- Public finances recorded a smaller-than-expected, reduced deficit in October although it was still substantial and up markedly year-on-year (measured by Public Sector net Borrowing excluding banks – PSNBex)
- The budget deficit in October was helped by the economy’s ongoing recovery from April’s lows and from reduced government spending on the furlough scheme
- PSNBex came in at £22.3bn in October – the largest October shortfall on record and nearly double the £11.5bn shortfall in October 2019. It was down from £28.6bn in September, a figure revised down appreciably from the previous estimate of £36.1bn
- The revision for September (following similar revisions to the April-August shortfalls) highlights that public finances are currently subject to significant updates amid the unprecedented circumstances
- Central government receipts fell 2.8% year-on-year in October, while central government expenditure increased 9.9% year-on-year
- The first seven months of fiscal year 2020/21 (April-October) have seen the largest seven deficits since records began in 1993. On top of the cost of COVID-19 measures, the overall state of the economy has also limited receipts
- PSNBex amounted to a record £214.9bn over the first seven months of the 2020/21 fiscal year, up from £45.8bn in April-October 2019. This fiscal year’s PSNBex to-date is already £160.1bn up on the £54.8bn that the Office for Budget Responsibility (OBR) had forecast in March for the whole year. It is also already £57.2bn more than the peak £157.7bn deficit seen in 2009/10 during the financial crisis
- The April-October public finances herald what is going to be a record year for the budget deficit and provide a challenging backdrop for the Chancellor as he prepares to present the Spending Review on Wednesday
- Public finances are set to come under increased upward pressure from the cost of recent extra measures to support the economy and jobs, most notably the extension of the furlough scheme. The likely renewed economic contraction in the fourth quarter, caused by the national lockdown in England, will reduce receipts and further put up the deficit
- The EY ITEM Club currently expects the budget deficit (measured in terms of PSNBex) to come in around £400bn in 2020/21, but there is a possibility it could now come in less than this given the October data and downward revisions to the back data
Howard Archer, chief economic advisor to the EY ITEM Club, says:
“The public finances, measured in terms of Public Sector Net Borrowing excluding banks (PSNBex), saw a seventh successive, large shortfall in October as the Government’s measures to support businesses and jobs affected by COVID-19 fed through both in terms of reduced receipts and substantially increased public spending.
“PSNBex came in at £22.3bn in October – the largest October shortfall on record and the sixth biggest monthly deficit ever. It was nearly double the £11.5bn PSNBex in October 2019. It was also down from £28.6bn in September, which has been revised down from the previous estimate of £36.1bn.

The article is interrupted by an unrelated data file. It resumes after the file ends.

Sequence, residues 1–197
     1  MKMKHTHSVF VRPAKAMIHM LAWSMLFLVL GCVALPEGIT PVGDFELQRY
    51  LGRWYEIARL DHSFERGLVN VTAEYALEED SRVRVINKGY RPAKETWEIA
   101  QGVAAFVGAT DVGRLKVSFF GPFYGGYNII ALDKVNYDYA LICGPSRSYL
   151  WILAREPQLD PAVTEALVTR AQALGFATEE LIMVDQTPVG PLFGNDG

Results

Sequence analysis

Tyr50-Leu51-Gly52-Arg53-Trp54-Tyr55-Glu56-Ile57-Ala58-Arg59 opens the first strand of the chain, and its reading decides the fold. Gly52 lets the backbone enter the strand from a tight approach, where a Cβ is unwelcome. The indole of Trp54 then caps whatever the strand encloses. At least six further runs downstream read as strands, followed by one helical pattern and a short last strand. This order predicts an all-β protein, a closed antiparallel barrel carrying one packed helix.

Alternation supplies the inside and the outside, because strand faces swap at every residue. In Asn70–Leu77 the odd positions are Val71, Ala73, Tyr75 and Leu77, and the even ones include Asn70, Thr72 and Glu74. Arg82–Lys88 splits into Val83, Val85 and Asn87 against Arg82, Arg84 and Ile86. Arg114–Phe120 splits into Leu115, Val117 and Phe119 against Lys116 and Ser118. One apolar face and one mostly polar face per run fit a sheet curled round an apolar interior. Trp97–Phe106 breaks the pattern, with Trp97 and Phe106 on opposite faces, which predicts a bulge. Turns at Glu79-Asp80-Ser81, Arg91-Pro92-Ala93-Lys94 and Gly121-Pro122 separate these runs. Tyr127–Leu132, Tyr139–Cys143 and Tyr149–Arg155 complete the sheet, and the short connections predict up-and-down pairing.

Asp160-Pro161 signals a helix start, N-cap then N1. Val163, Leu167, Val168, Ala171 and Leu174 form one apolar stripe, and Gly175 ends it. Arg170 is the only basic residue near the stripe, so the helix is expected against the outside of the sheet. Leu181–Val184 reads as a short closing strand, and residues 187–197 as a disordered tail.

“Nevertheless, October’s shortfall was less-than-expected; the consensus forecast had been for a deficit around £36bn. It was also well down from the record, peak levels seen in May (£43.7 billion) and April (£47.3 billion). This is a consequence of more people coming off the furlough scheme and returning to work, and the economy growing again, although growth may well have slowed further in October after losing momentum in August and September.
“The appreciable downward revision to September’s deficit, following similar downward revisions to the shortfalls originally reported for April-August, highlights that public finances are currently subject to significant updates amid the unprecedented circumstances.
“PSNBex amounted to a record £214.9bn over the first seven months of fiscal year 2020/21, up from £45.8bn in April-October 2019. To put this into perspective, it is already up £160.1bn on the £54.8bn that the Office for Budget Responsibility (OBR) had forecast in March for the whole fiscal year. It is also already £57.2bn more than the peak £157.7bn deficit seen in 2009/10 during the financial crisis.
“Central government receipts fell 2.8% year-on-year in October. VAT receipts were down 11.7% year-on-year, while corporation tax receipts fell 9.7% year-on-year. VAT receipts are currently being limited by the temporary VAT cut (from 20% to 5%) for the hospitality sector. Additionally, Stamp Duty receipts, down 26.6% year-on-year in October, have been reduced by the temporary raising of the threshold since July. However, income and capital gains tax receipts rose 6.5% year-on-year in October, as earnings have picked up modestly recently due to people coming off the furlough scheme.
“Over the first seven months of fiscal year 2020/21 (April-October), central government receipts were down 8.8% year-on-year. VAT receipts were down 12.0% (companies were allowed to defer VAT payments between 20 March and 30 June), corporation tax receipts were down 15.8% and income and capital gains tax receipts were down 4.0% year-on-year.
“Meanwhile, central government expenditure increased 9.9% year-on-year in October as it was pushed up by government measures to support the economy, businesses and jobs in the face of the pandemic. There was a reduced £1.3bn spent on the current job support schemes: the Coronavirus Job Retention Scheme (CJRS) and the Self Employment Income Support Scheme (SEISS).
“Over the first seven months of fiscal year 2020/21, central government expenditure was up 28.5% year-on-year.”